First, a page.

Hairy tales


  I once came across a barber in a remote corner of Karnataka state in India who felt the only fitting style for his rare Western clients was the British officer haircut. I emerged from his shop looking like Lawrence of Arabia, but less handsome. In Bangkok, a misunderstanding left me shorn. I asked my Thai Figaro to cut off a centimeter but he left a centimeter standing. Spiky in Siam, curly in Cairo. After my hair had grown back, an Arabian barber gave me a perm – not the real kind for which you sit under a hooded dryer, just one he whipped up with a comb and a hand-held dryer. My luxuriant mane prompted calls of “habibi” as I walked the narrow streets, but my next shower literally smoothed the waves. Head, shoulder and neck massages are part and parcel of a haircut all over the Maghreb, but the bit I don’t particularly enjoy is when the barber cracks your – neck vertebrae? – as he gives your head a short, sharp, supposedly beneficial yank from left to right.

Close shaves: Men in southern Europe and beyond go to their barber for a shave, a far more communicative practise than doing it themselves – or more meditative if you don’t want to talk. First comes the soaping up, then the blade – but you never get cut. I have had shaves all over the world, but only one barber ever nicked me with his razor. In fact, he did it every time, but I kept going back to him when I was in Tangiers. Why, I don’t know; I was probably already part of the family. Also, it was never a bad nick. Minimal misplaced pressure on the razor, a wound the size of a mosquito bite. He would repair it with something alcoholic that stung for a moment and woke you right up. Afterwards, proud as a pirate, I would survey the Straits of Gibraltar and imagine I saw dolphins prancing.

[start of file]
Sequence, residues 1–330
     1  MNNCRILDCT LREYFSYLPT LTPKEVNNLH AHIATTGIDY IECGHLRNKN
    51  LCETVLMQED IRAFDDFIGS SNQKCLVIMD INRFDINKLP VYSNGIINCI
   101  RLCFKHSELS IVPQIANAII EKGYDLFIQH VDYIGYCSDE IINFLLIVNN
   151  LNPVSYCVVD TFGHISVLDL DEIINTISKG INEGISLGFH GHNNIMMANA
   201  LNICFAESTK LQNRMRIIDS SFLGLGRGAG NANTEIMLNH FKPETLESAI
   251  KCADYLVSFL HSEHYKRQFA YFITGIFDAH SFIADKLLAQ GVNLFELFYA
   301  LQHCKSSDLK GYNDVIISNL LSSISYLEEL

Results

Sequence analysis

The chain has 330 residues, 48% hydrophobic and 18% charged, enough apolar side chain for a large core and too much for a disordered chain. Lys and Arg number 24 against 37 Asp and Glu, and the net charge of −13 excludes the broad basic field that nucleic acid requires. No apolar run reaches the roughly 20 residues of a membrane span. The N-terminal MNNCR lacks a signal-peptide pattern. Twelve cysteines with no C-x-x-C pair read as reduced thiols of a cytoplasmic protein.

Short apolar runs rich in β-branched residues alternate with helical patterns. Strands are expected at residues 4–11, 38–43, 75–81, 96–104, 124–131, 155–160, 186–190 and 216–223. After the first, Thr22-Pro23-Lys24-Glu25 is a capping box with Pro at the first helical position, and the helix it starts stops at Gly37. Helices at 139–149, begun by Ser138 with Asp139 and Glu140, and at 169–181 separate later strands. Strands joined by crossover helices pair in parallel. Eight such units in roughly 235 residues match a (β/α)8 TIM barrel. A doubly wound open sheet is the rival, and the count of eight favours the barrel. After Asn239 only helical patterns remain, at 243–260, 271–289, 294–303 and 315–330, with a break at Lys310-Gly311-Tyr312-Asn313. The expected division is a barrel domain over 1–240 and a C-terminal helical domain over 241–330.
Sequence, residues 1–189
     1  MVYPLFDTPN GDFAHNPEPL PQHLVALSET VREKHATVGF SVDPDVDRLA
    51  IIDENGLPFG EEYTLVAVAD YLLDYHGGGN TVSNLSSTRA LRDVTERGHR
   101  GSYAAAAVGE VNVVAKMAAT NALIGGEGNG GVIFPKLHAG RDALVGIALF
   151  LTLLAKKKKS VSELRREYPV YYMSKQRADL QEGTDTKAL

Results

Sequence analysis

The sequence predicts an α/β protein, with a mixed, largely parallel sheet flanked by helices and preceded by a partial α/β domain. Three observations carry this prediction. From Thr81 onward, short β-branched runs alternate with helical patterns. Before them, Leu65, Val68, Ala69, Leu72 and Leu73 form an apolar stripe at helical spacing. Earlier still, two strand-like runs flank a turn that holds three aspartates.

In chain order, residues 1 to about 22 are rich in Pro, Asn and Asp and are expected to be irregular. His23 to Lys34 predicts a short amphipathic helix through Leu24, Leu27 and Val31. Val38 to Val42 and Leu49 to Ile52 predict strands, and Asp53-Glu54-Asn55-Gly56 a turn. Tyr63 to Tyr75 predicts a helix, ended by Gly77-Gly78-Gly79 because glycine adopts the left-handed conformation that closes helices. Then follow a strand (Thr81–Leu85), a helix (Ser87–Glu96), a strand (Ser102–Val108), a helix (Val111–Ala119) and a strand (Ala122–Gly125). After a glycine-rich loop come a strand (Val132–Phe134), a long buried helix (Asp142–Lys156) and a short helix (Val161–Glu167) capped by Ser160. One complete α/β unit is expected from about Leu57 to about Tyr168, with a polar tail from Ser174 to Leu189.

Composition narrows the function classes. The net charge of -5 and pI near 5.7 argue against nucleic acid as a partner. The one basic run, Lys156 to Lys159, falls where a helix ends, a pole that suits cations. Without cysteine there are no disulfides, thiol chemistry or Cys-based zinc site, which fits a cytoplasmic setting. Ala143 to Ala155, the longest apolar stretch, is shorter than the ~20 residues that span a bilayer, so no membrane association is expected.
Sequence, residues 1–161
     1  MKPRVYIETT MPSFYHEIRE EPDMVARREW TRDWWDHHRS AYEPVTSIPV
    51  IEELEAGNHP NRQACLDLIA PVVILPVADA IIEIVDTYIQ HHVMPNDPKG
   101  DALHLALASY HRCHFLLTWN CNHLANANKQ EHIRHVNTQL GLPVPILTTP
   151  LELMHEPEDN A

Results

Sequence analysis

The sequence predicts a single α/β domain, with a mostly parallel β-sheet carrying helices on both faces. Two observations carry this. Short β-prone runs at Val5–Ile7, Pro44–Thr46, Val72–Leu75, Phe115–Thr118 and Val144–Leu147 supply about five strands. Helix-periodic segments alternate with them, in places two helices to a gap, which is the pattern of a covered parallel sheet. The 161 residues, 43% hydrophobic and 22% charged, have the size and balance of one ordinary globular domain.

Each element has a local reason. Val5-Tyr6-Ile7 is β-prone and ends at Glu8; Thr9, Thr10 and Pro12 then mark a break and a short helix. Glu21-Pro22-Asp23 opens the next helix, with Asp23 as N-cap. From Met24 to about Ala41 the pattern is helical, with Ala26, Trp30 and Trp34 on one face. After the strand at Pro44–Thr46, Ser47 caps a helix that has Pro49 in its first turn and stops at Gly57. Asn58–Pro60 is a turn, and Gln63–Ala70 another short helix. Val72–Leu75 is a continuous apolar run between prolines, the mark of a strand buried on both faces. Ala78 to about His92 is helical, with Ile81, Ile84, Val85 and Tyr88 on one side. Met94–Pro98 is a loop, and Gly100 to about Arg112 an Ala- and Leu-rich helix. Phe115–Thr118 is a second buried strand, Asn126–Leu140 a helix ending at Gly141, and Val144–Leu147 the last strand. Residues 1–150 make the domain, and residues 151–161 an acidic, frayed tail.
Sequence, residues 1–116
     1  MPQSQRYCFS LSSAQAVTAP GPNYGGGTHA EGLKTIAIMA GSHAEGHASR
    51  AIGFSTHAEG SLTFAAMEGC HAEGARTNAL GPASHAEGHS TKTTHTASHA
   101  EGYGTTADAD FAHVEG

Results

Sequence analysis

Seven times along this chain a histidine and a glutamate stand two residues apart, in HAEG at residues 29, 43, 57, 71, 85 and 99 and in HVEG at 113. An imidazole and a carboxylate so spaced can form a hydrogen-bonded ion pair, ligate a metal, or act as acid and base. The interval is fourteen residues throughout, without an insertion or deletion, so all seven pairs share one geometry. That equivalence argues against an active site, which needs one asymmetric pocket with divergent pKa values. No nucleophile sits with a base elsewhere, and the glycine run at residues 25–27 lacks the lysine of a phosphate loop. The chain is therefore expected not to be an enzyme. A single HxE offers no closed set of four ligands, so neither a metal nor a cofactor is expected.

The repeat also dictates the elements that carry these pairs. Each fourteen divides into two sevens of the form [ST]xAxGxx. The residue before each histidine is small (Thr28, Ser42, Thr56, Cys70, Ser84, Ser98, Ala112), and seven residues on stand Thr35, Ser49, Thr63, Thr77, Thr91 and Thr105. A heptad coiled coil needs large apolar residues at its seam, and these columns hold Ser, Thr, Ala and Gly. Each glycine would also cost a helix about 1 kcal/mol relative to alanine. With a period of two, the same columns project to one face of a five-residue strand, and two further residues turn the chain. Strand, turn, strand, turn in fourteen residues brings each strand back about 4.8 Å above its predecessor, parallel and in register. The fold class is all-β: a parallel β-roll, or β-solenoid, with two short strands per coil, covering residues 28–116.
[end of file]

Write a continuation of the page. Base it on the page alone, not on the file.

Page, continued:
Our columnist, Helge Timmerberg, an irrepressible globetrotter since 1969, writes travel books and contributes monthly to our magazine.